Underground LID solutions aim to increase spare capacity in the system to accumulate excessive flow rates. The extra volume can be achieved by adding off-line or in-line underground storage into the UDS. Typical off-line facilities are detention tanks, having a connection to the mains, while free capacity of the drainage network has often been considered as in-line storage. Although effectiveness of off-line facilities is the objective of many recent studies (Lim et al. 2014; Thomas et al. 2016; Wang et al. 2017), in-line solutions are mainly considered as a possibility of utilising the excess capacity of the pipeline, not specially designed for storage (Garofalo et al. 2017). In this study, we intend to change this paradigm to include storage and flow control into the design as an additional objective.

Real time control (RTC) methodology that emerged with the development of information and communication technology (ICT) aims to bridge the structural and non-structural measures into one comprehensive solution (Beeneken et al. 2013). This is achieved by installing active network elements, e.g. weirs and valves, into the UDS. These actuators will be automatically adjusted on the basis of the data from the network sensors and thus allow UDS to be adaptable for different loading conditions. Therefore, RTC is seen as a key technology to improve the operation of UDS (García et al. 2015).

The main objective of our work is to find the most feasible solution to reduce stormwater peak runoff volume from compact real-estate development areas situated within a highly urbanised catchment. The paper is based on the results obtained in Kändler et al. (2018) with significant improvements to the overall analysis. The advantages of LID in-line reservoirs are coupled with RTC architecture to create a smart and sustainable solution for peak flow reduction from newly developed dense urban areas.

METHODOLOGY

Redevelopment of obsolete areas into new living and business districts is a constant process in every city. As these places are typically surrounded by highly urbanised catchments, constraints have to be imposed for the stormwater runoff into the existing UDS in order to avoid network surcharge.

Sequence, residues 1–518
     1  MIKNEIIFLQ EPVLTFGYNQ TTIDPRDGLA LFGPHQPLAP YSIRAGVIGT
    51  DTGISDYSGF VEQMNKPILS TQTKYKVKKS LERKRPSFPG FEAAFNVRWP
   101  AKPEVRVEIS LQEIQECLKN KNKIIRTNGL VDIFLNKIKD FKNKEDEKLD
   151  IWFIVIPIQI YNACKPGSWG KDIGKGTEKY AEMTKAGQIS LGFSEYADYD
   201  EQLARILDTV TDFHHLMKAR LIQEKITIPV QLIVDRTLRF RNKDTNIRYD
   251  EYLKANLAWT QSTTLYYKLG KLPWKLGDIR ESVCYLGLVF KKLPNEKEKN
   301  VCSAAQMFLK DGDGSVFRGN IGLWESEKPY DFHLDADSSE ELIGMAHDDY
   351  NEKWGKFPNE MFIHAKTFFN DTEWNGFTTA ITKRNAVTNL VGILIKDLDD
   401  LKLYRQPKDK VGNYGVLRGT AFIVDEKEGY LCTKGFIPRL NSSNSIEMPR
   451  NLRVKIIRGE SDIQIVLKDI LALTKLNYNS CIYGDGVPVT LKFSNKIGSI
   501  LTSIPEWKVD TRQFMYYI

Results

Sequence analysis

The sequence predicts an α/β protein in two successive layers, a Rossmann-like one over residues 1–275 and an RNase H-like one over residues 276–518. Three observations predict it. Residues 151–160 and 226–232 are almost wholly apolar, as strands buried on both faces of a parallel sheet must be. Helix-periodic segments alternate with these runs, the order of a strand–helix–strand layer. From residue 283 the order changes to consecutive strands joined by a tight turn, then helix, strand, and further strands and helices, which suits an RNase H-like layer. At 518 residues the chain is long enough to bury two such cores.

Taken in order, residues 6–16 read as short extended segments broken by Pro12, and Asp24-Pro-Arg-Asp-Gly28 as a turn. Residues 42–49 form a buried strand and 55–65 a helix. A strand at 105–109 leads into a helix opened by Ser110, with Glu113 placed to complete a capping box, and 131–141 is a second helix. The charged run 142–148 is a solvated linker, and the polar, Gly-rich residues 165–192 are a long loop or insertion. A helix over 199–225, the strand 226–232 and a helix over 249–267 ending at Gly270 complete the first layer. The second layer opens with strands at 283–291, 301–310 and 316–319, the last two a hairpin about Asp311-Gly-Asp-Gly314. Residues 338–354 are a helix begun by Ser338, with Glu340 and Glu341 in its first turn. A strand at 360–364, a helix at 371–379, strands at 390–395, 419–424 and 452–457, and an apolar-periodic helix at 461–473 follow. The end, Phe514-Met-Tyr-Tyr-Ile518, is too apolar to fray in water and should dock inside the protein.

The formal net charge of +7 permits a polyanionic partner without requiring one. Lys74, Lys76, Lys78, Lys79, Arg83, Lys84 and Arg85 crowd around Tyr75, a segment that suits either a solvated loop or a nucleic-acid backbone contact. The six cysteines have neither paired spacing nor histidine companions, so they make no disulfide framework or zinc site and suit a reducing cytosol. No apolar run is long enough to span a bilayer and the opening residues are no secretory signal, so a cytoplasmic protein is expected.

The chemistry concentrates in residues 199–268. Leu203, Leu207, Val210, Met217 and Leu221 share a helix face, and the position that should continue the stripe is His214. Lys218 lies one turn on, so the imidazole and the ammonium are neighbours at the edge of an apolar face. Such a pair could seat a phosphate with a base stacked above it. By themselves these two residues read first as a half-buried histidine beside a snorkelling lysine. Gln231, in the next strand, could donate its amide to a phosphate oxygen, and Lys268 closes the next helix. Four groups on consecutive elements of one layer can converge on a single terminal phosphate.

In many cases, due to limited free space available, it is not possible to choose full-scale SUDS for flow mitigation, since these require notably more space than grey solutions (Fletcher et al. 2015). Free construction space is usually scarce in these areas because other underground communications and developers attempt to gain profit by maximising the building footprints.

Underground storage containing either off-line detention tanks or enlarged pipe sections for in-line storage are considered a feasible option to alleviate the stormwater runoff problem (Piro et al. 2010). Off-line detention tanks are usually cylinder shaped plastic or concrete underground barrels installed in the network with a connection to the UDS (Figure 1(a)). A diversion chamber is used to direct water either to the pipeline downstream or to the detention tank. After being filled, the tank will empty if the hydraulic grade line (HGL) in the system has lowered below a water level in the barrel. It was assumed in our study that the volume of the tanks will be compiled from 50 m3 plastic cylinders, as these have manageable dimensions for transportation and installation. It would be technically challenging to install larger barrels below the street area because of the limited free space. It was also assumed that the tanks will be filled and emptied only by gravity flow.

Figure 1

Underground stormwater detention solutions: (a) off-line detention tank; (b) in-line detention tank with a static orifice.

Figure 1

Underground stormwater detention solutions: (a) off-line detention tank; (b) in-line detention tank with a static orifice.